Pillar of Salt - Articles, Messages | Bishop Macedo
After the cities are condemned to destruction, G! A riot forms as the citizens of Sodom congregate to abuse the angels because they were believed to be foreigners.
Lot, his wife, and two daughters, leave the city under the cover of darkness and are warned not to turn back and witness the utter destruction behind them. To this day, there stands a bizarre rock formation by the Dead Sea said to be her remains, with what seems to be a face looking longfully backwards - over her shoulder from where she came. Idit was born and raised in Sodom. She lived there with her parents, her husband Lot, and her four daughters. Her two eldest had already married local men and the younger two were still single.
Why this prohibition against looking back? What is so dangerous about reflection, nostalgia, and hesitation? On this day of Yom Kippur, we stand in the liminal space between the past year and the one to come, contemplating our life most fully by practicing death in a sense. But let us return again to Idit, imagining her plight with fresh eyes. The rabbinic tradition says that she turned back to look because she could not resist searching the crumbling cityscape for her two eldest married daughters, consumed in the destruction of Sodom.
Can you imagine it? A mother fleeing everything she knew, leaving her home, her family of origin, and worst of all, two of her four daughters. Of course she was unable to restrain herself from looking back. Of course she was unable to move on. The problem was that in becoming frozen, not only did her life end, but, her in her absence, she was unable to continue onward with her remaining family.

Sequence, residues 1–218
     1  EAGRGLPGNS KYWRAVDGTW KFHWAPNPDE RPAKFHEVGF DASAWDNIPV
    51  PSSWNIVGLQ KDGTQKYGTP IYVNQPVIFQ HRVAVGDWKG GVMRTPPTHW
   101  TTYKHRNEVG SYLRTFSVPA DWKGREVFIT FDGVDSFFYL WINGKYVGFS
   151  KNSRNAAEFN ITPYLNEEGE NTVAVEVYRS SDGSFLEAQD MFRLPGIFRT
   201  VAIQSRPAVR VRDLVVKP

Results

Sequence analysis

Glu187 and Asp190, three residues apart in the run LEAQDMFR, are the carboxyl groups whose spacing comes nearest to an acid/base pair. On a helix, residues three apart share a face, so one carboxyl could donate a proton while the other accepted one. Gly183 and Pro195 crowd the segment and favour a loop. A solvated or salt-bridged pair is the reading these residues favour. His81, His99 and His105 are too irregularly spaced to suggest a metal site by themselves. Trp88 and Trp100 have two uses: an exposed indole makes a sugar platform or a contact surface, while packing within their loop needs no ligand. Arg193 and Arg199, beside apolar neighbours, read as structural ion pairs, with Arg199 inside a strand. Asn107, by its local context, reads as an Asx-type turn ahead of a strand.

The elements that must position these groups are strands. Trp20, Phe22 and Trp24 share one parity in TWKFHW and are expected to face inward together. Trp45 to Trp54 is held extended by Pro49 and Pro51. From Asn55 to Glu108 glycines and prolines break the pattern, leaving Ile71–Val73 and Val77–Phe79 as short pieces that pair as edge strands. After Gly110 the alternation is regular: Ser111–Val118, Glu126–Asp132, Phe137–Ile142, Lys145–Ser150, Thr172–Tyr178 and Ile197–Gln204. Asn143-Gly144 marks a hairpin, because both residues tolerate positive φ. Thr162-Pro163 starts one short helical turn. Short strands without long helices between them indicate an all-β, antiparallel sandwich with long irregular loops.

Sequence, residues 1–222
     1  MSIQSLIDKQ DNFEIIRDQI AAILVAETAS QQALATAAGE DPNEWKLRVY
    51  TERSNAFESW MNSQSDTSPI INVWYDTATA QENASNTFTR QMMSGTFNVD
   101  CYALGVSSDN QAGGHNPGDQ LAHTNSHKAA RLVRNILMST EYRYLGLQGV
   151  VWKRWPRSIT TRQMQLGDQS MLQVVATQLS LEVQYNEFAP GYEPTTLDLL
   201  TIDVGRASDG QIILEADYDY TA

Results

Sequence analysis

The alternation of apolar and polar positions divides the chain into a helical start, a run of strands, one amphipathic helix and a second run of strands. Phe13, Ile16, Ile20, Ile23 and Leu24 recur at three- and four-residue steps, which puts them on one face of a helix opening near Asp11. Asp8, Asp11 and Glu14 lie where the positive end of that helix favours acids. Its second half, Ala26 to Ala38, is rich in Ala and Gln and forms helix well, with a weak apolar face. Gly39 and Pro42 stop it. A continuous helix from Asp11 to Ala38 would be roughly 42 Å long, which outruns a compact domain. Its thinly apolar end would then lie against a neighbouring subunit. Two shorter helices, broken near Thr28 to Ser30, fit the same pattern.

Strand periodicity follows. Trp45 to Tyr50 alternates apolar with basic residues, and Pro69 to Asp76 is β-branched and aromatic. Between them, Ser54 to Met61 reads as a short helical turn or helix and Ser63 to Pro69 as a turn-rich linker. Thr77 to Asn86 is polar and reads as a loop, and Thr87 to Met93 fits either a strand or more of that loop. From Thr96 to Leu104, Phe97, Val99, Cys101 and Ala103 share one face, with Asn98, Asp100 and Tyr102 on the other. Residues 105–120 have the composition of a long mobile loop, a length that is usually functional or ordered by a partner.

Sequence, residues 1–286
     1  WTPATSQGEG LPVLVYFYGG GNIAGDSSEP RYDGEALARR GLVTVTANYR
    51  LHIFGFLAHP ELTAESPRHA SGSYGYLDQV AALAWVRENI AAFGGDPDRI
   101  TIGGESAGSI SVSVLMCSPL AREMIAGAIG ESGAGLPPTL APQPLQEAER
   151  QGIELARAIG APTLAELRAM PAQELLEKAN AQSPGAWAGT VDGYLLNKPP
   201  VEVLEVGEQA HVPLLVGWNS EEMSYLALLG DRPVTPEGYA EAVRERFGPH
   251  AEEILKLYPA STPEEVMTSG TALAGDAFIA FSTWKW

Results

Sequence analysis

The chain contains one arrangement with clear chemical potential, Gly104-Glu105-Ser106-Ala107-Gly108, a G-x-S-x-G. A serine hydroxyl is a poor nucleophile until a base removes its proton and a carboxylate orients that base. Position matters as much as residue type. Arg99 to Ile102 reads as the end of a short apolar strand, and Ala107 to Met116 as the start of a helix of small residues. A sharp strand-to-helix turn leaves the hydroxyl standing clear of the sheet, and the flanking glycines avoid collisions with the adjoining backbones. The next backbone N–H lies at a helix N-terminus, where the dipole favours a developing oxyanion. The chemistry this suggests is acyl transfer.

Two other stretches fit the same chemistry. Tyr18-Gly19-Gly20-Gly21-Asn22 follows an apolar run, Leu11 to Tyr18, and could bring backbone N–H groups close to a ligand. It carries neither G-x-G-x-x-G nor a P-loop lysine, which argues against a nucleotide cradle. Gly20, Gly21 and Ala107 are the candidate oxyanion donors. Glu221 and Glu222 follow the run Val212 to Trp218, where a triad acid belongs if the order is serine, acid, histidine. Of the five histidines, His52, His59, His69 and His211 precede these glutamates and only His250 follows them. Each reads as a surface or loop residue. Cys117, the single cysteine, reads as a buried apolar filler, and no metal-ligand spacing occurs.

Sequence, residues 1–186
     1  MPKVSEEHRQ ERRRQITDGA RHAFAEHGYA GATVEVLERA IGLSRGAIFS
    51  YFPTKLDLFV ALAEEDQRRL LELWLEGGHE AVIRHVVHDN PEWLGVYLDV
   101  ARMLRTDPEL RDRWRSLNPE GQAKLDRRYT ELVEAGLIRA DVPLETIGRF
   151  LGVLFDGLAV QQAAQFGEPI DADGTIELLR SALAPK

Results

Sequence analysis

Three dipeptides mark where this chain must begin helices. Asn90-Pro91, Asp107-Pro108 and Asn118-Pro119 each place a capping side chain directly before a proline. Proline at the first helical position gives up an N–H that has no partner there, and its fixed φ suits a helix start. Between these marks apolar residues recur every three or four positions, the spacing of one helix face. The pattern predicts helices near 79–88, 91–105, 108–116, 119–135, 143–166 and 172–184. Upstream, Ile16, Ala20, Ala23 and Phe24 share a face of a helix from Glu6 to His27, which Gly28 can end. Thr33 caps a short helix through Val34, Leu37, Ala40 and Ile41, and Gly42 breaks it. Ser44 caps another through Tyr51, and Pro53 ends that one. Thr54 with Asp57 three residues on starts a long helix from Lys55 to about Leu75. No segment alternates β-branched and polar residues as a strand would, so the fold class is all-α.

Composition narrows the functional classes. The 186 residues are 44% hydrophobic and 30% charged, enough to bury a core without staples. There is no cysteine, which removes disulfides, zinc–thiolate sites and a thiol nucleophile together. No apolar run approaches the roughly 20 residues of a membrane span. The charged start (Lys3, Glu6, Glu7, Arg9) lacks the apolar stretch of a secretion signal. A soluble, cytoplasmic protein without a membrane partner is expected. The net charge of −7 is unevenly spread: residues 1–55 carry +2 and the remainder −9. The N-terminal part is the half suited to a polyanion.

She abandoned her two living daughters in the midst of their own grief. In the verses that follow, those daughters, attempting to fill the hole Idit left in her family, sleep with their father in a perverse attempt to fill her abdicated role. Of course the answer is both.
Where Lot's wife froze, world's longest salt cave discovered, explorers say
Thankfully most of us will never mourn the the loss of a child. The pain of such a loss is almost unspeakable. It is the epitome of loss. There are parts of us that are so stuck in the past that we cannot turn our backs on them and move forward. There are elements of all of us that are frozen in time. Unable to be metabolized. Unable to bend. Resistant to change. Ossified limbs that we promise ourselves each year we will do teshuvah for but fail to repeatedly.
Sometimes, we think that we have moved on, and are finally charting new territory, but then realize that we are back stuck in the same old pattern just with a new job, new friends, or a new partner.
- The Job Hunters Workshop Manual.
- Hatch Reflection.
- Lot's Wife - A Pillar of Salt;
- KIRKUS REVIEW.
- The FODMAP Free Paleo Breakthrough: 4 Week Autoimmune Paleo Menu Plan Without FODMAPS for SIBO and IBS.
Can I tell you a secret? Do you know what the biggest impediment is to my teshuvah? Hidden under my fears of failure, my laziness, my busyness, and all of my other excuses? I am terrified that I will be wildly successful. If were to prioritise my partner the way I aspire to, I worry that would compromise my success in work.
I really followed my dreams, I worry that my parents and teachers would no longer respect me. I worry If I really forgave someone who hurt me, I would caught flat footed and unable to defend myself from being hurt again.
I worry that if I stopped letting others down that they would demand even more from me. If became the sort of man I tell myself that I aspire to become, I worry if I would no longer find enjoyment in my life. And if I did change and abandoned my own smallness, what would The World demand of me next? These are not hollow fears.
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Pillars of Salt
- A Grim Mistake;
- See a Problem?.
- Pillars of Salt: Who We Were and Who We Will Become - Yom Kippur 5778.
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